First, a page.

Royal Boost

Its official: Prince William has finally popped the question to long time girlfriend Kate Middleton. While the Queen and British tabloids are surely jumping for joy, the struggling British economy may also receive a huge boost from the nuptials of the popular couple.

Some analysts are estimating that the wedding could generate up to £620 million, or over C$1 billion, for the British economy, according to the Associated Press.

Although the engagement was only announced days ago, souvenir companies have already begun designing several products, which could be available this holiday season.

Stephen Church, managing director of the UK Gift Co., told Sky News he was very optimistic about the positive effects the wedding will bring and predicted his sales to increase by up to 40 per cent.

“Every time a royal wedding comes around there’s an element of skepticism, but just wait and see what happens as the day comes closer,” Church said.

“There’ll be street parties and great excitement. I think we’ll sell easily as many royal wedding gifts as we did for Charles and Diana in the 1980s.”

The tourism industry is expected to see an even bigger impact. According to Visit Britain, Britain’s tourist board, the Monarchy already generates close to £500 million a year, or almost $820 million, from foreign tourists.

“Our culture and heritage reputation is very strong around the world,” spokesman Paul Eastham told the BBC. “At the heart of that lies the monarchy.”

In a poll conducted by the board to find out what attractions visitors are most drawn to, “Royal locations” was in the top three places tourists most want to see. This isn’t surprising considering the board also found that royal attractions, such as Westminster Abbey, St. Paul Cathedral and the site of Charles and Diana’s wedding, attract millions of visitors each year.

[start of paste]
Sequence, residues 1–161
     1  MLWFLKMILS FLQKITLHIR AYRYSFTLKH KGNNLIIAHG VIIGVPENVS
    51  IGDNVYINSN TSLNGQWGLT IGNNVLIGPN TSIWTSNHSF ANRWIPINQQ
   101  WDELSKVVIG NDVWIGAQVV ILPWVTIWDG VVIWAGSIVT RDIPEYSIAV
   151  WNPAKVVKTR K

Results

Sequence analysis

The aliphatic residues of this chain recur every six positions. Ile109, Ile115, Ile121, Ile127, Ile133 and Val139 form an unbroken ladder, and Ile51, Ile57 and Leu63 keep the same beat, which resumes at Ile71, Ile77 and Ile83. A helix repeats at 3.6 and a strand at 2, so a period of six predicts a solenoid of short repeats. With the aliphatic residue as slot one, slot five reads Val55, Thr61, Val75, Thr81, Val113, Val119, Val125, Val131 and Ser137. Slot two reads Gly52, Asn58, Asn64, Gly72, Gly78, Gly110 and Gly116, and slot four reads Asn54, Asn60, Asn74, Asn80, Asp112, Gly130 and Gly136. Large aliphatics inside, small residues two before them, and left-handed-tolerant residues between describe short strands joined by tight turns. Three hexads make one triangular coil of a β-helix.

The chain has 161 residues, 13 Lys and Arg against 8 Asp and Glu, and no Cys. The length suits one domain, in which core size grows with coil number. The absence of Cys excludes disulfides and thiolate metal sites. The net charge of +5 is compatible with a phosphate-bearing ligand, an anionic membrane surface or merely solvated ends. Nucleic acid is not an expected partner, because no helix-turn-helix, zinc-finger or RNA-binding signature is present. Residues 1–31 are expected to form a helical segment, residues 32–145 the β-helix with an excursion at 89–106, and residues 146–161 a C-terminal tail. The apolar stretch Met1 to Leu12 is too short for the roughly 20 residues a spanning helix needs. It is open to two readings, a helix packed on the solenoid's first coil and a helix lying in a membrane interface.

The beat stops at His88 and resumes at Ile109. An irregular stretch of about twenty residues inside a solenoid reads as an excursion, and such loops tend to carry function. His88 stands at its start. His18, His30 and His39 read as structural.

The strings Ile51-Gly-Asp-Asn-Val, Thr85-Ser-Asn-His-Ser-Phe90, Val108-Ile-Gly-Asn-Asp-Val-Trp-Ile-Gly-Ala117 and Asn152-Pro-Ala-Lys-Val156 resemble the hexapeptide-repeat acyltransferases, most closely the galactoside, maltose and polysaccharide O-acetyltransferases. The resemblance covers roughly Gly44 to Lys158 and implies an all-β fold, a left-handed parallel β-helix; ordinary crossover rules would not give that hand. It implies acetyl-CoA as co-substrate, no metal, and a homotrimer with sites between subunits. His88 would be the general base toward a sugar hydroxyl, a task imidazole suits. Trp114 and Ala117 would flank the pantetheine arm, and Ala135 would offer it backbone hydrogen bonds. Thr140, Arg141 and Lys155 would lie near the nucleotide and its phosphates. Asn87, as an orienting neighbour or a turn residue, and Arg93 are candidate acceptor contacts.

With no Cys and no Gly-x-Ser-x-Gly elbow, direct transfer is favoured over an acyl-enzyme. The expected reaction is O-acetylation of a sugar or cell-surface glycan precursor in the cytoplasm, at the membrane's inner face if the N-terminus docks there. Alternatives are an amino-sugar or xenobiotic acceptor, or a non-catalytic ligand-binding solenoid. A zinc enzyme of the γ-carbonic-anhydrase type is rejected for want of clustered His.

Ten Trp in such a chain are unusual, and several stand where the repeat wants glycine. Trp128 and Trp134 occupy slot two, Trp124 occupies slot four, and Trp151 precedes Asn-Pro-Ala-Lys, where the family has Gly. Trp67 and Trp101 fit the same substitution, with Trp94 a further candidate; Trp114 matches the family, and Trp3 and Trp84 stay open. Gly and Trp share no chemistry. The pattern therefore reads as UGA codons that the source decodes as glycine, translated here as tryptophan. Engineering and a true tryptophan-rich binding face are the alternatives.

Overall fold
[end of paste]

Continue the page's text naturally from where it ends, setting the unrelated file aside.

Eastham felt that the 2011 wedding followed by the Summer Olympics in 2012 in London would be a double whammy for the British tourist industry. Some say the wedding could also have a more indirect feel-good effect on the British economy, which may get consumers to loosen the reigns on their spending habits.

“Extraneous events can increase feelings of economic and other well-being,” Prof. Stephen Lea of Exeter University told the BBC.

He explained that while a recession can produce a gloomy atmosphere that makes some people less likely to increase their spending, the celebratory atmosphere could coax consumer out of their frugal buying patterns.

However, the anti-monarchy group Republic has been critical of the upcoming ceremony, calling for the Royal Family to ensure that taxpayers don’t pay out of pocket for the cost of the wedding.

“If people are being told to tighten their belts, if the government is making thousands unemployed, if welfare payments are being slashed, it would be sickening for the government to allow a single penny more to be spent on the Royals at this time,” Graham Smith, a representative from Republic, told the BBC.